One Health Concept and the Uninsured in Japan

Wednesday, July 16, 2014: 8:30 AM
Room: F205
Oral Presentation
Yasuko TAMURA-URANO , Department of Sociology, Teikyo University, Hachioji, Tokyo, Japan
     Objectives. The purposes of this research are: to provide a general overview of Japan’s universal health insurance coverage system, to examine the social factors that explain the rise in the number of uninsured individuals using Geographic Information System (GIS) mapping, and to discuss the future universal health insurance agenda.

     Background. Due to its universal health insurance coverage system, Japan’s health and medical services are among the world’s highest quality. Japan’s system requires that all residents belong to either the national insurance system or an employer-based insurance system. However, total population coverage is not the reality. In Japan, 18.8% of households with national insurance fail to pay their premiums, and those who fail to pay their premiums for 12 months become uninsured, including the children in these households. In fact, a Japanese government survey (2008) revealed that more than 30,000 children under the age of 16 are uninsured.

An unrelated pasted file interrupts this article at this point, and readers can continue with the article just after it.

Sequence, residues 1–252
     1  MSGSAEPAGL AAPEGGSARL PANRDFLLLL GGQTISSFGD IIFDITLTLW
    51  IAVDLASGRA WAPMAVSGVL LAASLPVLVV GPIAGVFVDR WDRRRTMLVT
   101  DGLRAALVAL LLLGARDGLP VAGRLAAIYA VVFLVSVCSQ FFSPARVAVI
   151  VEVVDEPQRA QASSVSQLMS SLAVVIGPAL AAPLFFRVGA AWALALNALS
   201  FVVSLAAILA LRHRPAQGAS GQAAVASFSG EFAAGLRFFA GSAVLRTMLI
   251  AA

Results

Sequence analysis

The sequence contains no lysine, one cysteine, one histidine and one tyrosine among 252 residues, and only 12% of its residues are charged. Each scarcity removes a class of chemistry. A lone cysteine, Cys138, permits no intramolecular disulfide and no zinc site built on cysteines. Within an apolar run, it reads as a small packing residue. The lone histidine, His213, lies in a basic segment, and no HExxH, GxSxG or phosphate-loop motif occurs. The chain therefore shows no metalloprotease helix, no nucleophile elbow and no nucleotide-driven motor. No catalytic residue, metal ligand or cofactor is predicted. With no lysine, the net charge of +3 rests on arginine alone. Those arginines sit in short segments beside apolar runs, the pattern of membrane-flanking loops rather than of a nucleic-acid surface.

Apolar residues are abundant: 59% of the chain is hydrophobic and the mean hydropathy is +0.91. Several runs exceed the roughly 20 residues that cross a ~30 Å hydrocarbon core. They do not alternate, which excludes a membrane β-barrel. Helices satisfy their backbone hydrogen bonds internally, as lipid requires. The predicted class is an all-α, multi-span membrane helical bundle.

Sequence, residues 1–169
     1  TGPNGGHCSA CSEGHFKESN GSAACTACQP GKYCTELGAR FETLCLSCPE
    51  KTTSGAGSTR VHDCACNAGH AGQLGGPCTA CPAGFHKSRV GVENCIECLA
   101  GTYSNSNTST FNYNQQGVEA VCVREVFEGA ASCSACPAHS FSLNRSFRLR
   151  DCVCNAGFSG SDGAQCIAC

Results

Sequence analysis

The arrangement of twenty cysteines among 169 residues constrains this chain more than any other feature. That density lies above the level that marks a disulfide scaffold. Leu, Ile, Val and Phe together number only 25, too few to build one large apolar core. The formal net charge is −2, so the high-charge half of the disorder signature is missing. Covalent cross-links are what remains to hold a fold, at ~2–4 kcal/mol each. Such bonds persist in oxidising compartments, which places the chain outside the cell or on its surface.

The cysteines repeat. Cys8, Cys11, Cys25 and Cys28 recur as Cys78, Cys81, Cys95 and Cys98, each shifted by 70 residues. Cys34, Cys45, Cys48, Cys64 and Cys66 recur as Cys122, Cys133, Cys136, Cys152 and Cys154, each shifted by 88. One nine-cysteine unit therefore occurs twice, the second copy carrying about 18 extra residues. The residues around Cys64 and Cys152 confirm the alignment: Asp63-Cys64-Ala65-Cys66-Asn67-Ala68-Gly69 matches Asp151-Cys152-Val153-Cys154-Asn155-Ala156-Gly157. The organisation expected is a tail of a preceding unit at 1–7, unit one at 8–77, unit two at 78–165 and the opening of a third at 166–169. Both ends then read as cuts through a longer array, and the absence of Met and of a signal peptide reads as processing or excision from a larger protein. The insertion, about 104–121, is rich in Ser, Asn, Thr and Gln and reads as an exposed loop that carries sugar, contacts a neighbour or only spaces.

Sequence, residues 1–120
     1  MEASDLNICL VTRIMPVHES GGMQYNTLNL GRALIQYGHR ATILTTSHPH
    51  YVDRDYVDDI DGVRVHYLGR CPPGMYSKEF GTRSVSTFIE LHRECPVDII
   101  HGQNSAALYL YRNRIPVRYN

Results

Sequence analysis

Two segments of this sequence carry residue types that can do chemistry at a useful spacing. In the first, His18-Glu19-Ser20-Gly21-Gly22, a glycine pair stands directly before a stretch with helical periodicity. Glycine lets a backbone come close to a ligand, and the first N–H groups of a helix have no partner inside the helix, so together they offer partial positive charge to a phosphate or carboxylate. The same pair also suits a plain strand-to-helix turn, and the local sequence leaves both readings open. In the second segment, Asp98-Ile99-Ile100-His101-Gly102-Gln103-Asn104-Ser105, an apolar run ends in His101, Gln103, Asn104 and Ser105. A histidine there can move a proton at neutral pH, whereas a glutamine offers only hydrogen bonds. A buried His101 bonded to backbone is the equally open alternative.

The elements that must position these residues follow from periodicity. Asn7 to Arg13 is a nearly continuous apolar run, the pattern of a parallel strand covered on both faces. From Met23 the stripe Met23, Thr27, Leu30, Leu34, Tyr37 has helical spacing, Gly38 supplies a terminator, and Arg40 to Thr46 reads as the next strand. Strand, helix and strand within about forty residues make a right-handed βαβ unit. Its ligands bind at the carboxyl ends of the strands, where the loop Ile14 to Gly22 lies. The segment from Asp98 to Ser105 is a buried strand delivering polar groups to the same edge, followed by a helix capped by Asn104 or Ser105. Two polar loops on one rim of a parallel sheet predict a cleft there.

Analysis and Discussion. One key social factor that explains the rise in the number of uninsured individuals is the increase in labor mobility, which was expanded by the 1985 Worker Dispatch Law and its legal amendment. In addition, the 2008 economic crisis increased unemployment and the numbers of unstable and low-income workers. Currently, one in three workers is a non-regular, contractual employee, and the wage gap between regular and non-regular workers is growing.

     GIS analysis indicates that the uninsured rate by prefecture is related to the unemployment and urbanization rates within those prefectures. Big cities, such as Tokyo, offer a range of job opportunities; however, the cost of living is high and upward economic mobility is difficult, so many low-wage workers forego paying their insurance premiums. The number of uninsured children is a crucial issue. Therefore, the United States’ State Children's Health Insurance Program (SCHIP) should be evaluated for its use in Japan.